Reid, James (2012) Challenges and Dilemmas Regarding Non-Resident Fathers in Public Law. In: The Sovereignty of Children in Law. Cambridge Scholars Publishing, Cambridge, pp. 157-177. ISBN 9781443836357

There are a significant number of family breakdowns in the UK that require the
intervention of social welfare workers to ensure positive outcomes for the children who are at the centre of disagreement and animosity. Many of the situations will use the law to impose a solution when agreement between the adults is not otherwise forthcoming. There are frequent complaints from some fathers of inequity in social welfare practice and the law. These complaints are in part due to the contemporary
nature of social welfare work and concomitant legal practice with families, for
example because of uncritical approaches to assessment perpetuated by mandated
tools such as the Framework for Assessment of Children in Need and their Families (DH, 2000), the Common Assessment Framework (2005) and the Integrated Children’s System (2005). There are continuing concerns about the quality of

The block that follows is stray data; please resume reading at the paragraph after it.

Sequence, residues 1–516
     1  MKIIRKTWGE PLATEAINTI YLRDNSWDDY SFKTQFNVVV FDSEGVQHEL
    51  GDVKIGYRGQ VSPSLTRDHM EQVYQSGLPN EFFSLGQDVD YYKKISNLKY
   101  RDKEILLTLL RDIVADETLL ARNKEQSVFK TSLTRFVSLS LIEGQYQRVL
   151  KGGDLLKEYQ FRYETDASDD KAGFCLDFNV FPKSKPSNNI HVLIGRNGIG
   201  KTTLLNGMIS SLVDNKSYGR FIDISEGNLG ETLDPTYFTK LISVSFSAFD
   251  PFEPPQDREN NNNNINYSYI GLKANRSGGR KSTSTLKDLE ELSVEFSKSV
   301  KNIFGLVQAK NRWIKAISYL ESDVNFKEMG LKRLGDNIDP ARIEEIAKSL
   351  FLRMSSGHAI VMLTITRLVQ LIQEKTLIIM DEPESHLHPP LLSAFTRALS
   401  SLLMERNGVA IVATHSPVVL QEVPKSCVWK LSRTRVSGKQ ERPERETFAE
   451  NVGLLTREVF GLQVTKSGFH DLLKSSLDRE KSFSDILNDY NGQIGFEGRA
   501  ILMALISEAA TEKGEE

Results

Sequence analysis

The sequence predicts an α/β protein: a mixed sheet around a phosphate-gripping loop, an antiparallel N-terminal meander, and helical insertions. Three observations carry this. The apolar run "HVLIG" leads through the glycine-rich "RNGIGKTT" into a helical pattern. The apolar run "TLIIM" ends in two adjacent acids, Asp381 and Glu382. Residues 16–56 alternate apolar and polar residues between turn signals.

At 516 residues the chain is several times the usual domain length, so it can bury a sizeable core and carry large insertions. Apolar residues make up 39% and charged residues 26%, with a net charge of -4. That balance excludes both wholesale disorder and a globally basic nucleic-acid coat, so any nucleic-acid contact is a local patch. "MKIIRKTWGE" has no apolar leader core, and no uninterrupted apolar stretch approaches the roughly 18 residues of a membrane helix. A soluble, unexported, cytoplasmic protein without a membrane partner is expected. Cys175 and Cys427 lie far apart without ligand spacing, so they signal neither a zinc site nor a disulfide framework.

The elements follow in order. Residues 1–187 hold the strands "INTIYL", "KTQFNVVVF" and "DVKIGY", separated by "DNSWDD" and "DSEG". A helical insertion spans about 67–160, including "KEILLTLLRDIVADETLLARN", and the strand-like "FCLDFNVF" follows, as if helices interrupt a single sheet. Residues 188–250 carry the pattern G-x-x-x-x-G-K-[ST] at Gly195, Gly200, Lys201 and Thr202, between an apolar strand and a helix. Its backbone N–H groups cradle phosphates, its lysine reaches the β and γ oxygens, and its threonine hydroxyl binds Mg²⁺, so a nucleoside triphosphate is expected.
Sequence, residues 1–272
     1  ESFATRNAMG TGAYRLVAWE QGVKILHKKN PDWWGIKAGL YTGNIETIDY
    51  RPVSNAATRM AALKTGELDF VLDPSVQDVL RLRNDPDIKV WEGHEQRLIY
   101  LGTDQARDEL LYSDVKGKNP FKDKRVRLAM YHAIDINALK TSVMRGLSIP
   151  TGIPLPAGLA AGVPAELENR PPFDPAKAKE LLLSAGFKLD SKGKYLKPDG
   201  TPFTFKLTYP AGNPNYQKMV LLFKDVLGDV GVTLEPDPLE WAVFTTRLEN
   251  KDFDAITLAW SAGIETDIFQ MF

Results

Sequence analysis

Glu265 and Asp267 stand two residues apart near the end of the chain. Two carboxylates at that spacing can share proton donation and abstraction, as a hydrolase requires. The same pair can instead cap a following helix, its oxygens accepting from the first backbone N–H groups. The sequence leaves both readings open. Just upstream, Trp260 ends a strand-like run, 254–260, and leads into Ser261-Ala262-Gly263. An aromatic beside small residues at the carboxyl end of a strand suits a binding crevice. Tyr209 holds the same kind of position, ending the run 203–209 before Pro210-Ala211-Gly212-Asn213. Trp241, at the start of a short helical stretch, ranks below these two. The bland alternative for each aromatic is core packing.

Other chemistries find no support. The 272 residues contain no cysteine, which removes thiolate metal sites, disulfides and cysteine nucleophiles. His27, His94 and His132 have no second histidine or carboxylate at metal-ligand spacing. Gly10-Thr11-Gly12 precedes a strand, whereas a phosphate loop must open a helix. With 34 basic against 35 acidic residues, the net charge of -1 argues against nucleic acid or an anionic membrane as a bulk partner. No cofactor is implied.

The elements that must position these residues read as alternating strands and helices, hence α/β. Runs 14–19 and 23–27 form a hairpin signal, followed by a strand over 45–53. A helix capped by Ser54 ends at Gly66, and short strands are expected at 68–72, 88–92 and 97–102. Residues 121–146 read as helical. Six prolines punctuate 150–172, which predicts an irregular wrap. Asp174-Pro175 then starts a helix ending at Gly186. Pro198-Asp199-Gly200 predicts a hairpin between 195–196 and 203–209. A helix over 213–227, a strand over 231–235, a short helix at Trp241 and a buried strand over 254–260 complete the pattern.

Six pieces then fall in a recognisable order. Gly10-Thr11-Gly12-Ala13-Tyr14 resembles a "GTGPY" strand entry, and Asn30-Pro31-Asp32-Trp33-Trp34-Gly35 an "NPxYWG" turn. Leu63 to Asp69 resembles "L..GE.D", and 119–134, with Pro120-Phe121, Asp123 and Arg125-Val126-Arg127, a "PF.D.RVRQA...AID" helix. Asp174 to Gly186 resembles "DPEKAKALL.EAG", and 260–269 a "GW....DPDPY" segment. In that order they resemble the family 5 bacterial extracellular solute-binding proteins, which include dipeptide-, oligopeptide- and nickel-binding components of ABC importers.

assessments and that good practice in this regard is inhibited by managerialist and
bureaucratic approaches and also because of imbalance between social welfare workers and their legal representatives.
One negative outcome of this, particularly for children in contested contact proceedings, is denied familial and cultural experiences and lost identity. Many nonresident parents are anonymous in practitioner’s minds and records, not helped as
many children’s stories are reduced to a ‘cut and paste’ approach to assessment.
Such anonymity means that possibilities offered by the non-resident parent’s family, culture and community are denied and unavailable to the child. Practitioners worry about accountability both within and out with the courtroom and practice in an atmosphere of increased public hostility and scrutiny. Utility and professional agency are determined not just by statute but by working practices and culture, by knowledge and skills, and the prevailing social and political priorities of the day and this does not necessarily favour positive outcomes for children and non resident fathers.

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